This is all advice that more well established organizations have followed for years. This generation needs to learn the proper use of technology. While trying to do away with the proof, they left the biggest digital proof of "hazing" in hundreds of email accounts. Taking pictures of rituals is another sure way of dealing with negative attention. Sounds absurd, but treat secretive rituals the same as sex. If you're stupid enough to take pictures of it, be ready to face the consequences WHEN (not if) it goes public.
Anonymous
Wed Mar 14 2012 16:45
How is this different from a lawyer's advice? Well, the person in question isn't a lawyer, for starters. You would think the person in question would be concerned about conduct. If someone came to me and said "hey I murdered someone," my first reaction wouldn't be "well...here's the evidence you need to get rid of," I'd say "well, you really shouldn't be murdering people!"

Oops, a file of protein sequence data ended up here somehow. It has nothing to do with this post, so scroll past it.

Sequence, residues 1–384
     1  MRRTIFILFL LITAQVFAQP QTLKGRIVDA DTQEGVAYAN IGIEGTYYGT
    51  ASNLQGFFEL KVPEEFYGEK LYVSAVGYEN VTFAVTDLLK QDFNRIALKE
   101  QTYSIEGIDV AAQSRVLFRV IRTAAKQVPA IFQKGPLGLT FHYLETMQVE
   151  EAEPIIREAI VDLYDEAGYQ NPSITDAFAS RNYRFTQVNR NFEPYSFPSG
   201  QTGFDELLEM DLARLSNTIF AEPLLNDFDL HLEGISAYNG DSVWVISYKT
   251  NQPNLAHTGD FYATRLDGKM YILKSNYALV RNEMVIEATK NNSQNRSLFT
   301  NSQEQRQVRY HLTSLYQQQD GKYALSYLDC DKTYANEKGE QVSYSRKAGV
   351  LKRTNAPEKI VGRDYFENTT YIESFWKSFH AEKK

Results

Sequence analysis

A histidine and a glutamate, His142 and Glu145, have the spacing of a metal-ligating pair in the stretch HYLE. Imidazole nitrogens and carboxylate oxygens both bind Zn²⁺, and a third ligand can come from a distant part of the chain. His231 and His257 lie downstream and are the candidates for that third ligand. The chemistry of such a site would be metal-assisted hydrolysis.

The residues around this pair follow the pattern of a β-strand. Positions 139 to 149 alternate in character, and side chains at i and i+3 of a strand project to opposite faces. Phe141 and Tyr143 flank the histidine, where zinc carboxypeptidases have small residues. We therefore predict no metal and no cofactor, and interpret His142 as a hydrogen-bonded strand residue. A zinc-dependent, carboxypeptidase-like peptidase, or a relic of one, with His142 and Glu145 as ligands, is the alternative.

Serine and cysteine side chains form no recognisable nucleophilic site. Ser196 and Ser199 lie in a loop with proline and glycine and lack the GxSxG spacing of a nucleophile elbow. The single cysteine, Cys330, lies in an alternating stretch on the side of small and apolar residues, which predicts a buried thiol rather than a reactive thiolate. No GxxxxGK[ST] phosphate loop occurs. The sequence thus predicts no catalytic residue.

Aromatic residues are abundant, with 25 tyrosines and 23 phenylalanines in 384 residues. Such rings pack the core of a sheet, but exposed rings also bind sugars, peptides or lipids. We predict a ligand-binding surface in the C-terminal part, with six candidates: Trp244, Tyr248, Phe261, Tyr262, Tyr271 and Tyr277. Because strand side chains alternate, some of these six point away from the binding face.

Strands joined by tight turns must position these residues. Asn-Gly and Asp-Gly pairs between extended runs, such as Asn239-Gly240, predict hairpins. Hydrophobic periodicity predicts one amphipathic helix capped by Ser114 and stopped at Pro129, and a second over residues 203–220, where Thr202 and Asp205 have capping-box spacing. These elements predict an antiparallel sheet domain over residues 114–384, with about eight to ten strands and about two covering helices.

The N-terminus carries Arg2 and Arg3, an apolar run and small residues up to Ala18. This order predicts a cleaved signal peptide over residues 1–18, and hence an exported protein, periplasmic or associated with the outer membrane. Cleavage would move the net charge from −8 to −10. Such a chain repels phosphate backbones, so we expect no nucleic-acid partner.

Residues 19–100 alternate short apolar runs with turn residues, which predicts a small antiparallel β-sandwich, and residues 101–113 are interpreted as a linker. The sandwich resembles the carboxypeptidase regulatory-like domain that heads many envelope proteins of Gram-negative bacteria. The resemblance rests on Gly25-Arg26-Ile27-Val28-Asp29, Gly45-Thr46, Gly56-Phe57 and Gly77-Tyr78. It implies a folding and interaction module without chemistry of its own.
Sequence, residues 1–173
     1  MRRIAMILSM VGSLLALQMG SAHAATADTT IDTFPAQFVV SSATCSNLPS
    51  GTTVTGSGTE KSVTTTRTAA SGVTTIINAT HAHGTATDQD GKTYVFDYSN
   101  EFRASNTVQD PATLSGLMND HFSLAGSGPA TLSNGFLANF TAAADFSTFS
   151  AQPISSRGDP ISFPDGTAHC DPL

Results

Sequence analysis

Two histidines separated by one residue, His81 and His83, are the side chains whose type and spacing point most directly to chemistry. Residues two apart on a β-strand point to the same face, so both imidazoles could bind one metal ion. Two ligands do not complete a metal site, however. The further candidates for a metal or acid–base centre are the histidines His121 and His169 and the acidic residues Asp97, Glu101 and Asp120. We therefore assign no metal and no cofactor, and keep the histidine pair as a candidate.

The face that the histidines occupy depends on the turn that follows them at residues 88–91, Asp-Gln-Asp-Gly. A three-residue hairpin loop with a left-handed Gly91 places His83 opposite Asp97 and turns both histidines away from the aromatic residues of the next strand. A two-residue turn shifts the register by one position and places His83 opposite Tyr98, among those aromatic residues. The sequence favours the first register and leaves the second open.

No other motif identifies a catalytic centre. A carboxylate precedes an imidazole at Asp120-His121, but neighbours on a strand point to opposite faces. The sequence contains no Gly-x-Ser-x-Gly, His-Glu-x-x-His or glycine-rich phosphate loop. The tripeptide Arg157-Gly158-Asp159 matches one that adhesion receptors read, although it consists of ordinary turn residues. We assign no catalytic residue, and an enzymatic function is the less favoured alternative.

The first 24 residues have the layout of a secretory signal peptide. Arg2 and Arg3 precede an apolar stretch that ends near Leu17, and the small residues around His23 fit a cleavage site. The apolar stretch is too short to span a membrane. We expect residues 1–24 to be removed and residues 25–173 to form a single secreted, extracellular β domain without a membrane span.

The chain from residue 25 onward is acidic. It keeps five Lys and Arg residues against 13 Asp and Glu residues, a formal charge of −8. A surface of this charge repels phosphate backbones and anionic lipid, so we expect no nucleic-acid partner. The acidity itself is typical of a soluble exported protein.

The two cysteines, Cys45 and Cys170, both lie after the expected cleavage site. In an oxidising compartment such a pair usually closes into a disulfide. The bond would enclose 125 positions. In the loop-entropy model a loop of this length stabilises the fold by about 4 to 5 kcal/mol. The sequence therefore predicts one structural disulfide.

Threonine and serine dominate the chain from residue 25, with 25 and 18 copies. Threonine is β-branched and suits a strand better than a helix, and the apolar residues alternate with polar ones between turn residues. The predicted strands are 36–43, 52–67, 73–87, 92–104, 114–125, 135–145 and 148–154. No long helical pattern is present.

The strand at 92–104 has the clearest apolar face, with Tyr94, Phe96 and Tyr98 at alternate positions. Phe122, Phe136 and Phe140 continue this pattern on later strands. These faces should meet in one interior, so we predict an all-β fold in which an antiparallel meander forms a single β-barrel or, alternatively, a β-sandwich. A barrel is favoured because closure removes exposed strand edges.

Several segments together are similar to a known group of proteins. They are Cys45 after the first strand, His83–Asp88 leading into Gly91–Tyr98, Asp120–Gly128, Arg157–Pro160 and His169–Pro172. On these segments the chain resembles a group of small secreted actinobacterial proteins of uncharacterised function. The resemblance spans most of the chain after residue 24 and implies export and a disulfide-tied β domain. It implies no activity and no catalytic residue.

But your point on the definition of hazing is well-taken. It's pretty sad that something that people willingly would do at a party like get sprayed with silly string suddenly constitutes a federal offense. Heck, next thing you know, all pranks will be deemed illegal.

Guest
Tue Mar 13 2012 23:16